13. The device of claim 12 further comprising a battery voltage sensor for sensing and indicating a low battery voltage, the microprocessor being coupled to the output of low battery voltage sensor and programmed to flash a visible warning when a low battery voltage is sensed.
14. The device of claim 13 wherein the microprocessor is also programmed to cause a current pulse to the coil to move the valve to the closed position before the battery becomes too discharged.
15. A water sensing shut-off device comprising:
a valve having a valve open position allowing water flow between a valve inlet and a valve outlet, and a valve closed position preventing flow between the valve inlet and the valve outlet;
the valve being encouraged to the valve closed position by a spring force;
a stationary magnetic circuit portion;
a magnetic member moveable within the magnetic circuit between first and second positions, the magnetic member forming a closed magnetic circuit having a substantially zero air gap and disposed to hold the valve in the valve open position when in the first position;
one of the stationary magnetic circuit portion and the magnetic member including a permanent magnet, the permanent magnet magnetically holding the magnetic member in the first position with a magnetic force exceeding the spring force once moved to the first position;
a coil disposed to temporarily decrease the magnetic force to less than the spring force on receipt of a current pulse in the coil to allow the spring force to move the magnetic member to its second position and to allow the spring force to move the valve to the closed position;
a sensor configured to sense water flow though the valve, independent of the destination of the water flow;
a timer coupled to the sensor to sense the length of time of water flow; and,
circuitry coupled to the timer to provide a current pulse to the coil if a duration of water flow exceeds a predetermined time limit to allow the spring force to move the valve to the valve closed position;
the water sensing shut-off device being manually operable to return the magnetic member to its first position and the valve to the open position to be magnetically retained at the respective positions without providing a current pulse to the coil.
16. The device of claim 15 wherein the permanent magnet is included in the stationary magnetic circuit portion.
17. The device of claim 15 wherein the sensor comprises a microphone disposed to sense water flow through the valve.
18. The device of claim 15 wherein the sensor, the timer and the circuitry coupled to the timer to provide a current pulse to the coil are battery powered.
19. The device of claim 18 wherein the sensor is periodically powered to sense water flow.
20. The device of claim 19 wherein the sensor and timer are configured to remain powered when flow is sensed until flow stops or the circuitry coupled to the timer provides a pulse to the coil to move the valve to the valve closed position.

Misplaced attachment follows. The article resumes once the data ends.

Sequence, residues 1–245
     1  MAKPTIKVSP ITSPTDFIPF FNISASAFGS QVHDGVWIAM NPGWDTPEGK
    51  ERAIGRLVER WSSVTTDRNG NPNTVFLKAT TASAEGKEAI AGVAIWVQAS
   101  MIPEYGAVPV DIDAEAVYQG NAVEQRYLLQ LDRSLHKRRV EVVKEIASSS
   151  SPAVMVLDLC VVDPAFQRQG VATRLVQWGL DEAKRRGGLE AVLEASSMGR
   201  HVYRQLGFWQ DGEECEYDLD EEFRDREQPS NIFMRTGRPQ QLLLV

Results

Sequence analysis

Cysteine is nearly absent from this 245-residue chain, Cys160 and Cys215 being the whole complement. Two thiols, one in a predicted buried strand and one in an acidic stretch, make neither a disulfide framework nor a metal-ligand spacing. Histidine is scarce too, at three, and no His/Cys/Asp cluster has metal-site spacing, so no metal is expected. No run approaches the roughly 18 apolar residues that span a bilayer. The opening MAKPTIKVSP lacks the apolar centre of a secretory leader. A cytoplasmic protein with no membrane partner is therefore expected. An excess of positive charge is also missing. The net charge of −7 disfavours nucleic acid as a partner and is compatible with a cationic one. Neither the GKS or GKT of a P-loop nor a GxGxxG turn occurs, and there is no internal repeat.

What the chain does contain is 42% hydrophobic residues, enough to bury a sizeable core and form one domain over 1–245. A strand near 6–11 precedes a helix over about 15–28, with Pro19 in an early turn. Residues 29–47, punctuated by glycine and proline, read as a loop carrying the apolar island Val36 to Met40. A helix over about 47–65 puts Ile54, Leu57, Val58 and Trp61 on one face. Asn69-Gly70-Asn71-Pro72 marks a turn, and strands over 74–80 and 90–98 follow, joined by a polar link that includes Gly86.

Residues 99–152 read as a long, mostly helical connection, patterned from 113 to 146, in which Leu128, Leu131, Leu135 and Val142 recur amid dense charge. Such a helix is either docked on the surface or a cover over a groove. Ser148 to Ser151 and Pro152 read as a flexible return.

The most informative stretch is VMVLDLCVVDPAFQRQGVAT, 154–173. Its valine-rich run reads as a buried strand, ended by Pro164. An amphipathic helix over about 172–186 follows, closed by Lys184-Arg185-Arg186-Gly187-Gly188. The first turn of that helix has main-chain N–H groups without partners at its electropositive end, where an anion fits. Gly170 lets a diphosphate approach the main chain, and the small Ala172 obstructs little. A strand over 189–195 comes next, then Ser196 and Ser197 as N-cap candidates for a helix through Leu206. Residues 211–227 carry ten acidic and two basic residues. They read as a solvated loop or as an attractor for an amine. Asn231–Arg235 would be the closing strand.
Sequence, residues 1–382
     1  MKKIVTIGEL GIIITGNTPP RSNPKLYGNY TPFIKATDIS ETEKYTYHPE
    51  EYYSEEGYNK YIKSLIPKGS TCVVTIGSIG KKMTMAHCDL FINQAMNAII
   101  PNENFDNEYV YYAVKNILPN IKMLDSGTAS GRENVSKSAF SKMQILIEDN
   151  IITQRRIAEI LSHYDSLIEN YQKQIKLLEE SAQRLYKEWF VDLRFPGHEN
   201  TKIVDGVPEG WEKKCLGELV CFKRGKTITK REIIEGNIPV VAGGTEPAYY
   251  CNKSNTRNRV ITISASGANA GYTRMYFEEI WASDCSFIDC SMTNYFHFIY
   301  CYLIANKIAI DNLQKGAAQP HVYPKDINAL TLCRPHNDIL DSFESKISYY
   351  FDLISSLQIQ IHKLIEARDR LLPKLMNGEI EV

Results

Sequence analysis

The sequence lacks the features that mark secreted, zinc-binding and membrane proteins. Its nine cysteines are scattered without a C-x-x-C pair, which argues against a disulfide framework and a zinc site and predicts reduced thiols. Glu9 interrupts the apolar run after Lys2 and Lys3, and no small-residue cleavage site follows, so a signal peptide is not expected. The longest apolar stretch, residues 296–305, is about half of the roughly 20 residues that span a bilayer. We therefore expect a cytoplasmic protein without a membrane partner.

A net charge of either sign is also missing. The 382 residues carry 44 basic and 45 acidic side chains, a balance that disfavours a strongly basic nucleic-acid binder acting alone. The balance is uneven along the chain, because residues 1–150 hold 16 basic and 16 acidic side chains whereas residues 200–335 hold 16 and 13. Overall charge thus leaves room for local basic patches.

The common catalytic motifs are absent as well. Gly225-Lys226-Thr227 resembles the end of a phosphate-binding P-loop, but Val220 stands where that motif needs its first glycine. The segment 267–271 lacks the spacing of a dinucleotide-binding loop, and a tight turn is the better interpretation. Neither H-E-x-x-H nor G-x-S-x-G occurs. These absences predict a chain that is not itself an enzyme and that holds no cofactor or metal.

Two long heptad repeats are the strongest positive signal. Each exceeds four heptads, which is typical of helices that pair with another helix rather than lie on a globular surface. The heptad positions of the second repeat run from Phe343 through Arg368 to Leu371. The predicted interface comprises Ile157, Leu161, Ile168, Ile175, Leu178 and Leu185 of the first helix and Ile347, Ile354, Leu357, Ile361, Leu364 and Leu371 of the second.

21. The device of claim 18 further comprising a battery voltage sensor for sensing and indicating a low battery voltage.
22. The device of claim 21 further comprising circuitry for pulsing the coil to move the valve to the valve closed position before the battery discharges to a level inadequate to pulse the coil to move the valve to the valve closed position.
23. The device of claim 15 further comprising a microprocessor.
24. The device of claim 23 wherein the timer is a microprocessor operating under program control.
25. The device of claim 24 wherein the microprocessor is programmed to spend most it its time in a sleep mode, and to periodically wake up and power the sensor to determine if water is flowing through the valve.
26. The device of claim 25 wherein the microprocessor is programmed to continue powering the sensor once water flow is sensed at least until either water flow stops or the duration of water flow exceeds the predetermined time limit and the coil is pulsed.
27. The device of claim 26 further comprising a battery voltage sensor for sensing and indicating a low battery voltage, the microprocessor being coupled to the output of low battery voltage sensor and programmed to flash a visible warning when a low battery voltage is sensed.
28. The device of claim 27 wherein the microprocessor is also programmed to cause a current pulse to the coil to move the valve to the closed position before the battery becomes too discharged.
Description
CROSS-REFERENCE TO RELATED APPLICATION

This application claims the benefit of U.S. Provisional Patent Application No. 60/672,784 filed Apr. 19, 2005.

BACKGROUND OF THE INVENTION

1. Field of the Invention

The present invention prevents the wasting of water in toilets.

2. Prior Art

Presently, toilet water is being wasted because of faulty flush mechanisms. This invention addresses this problem.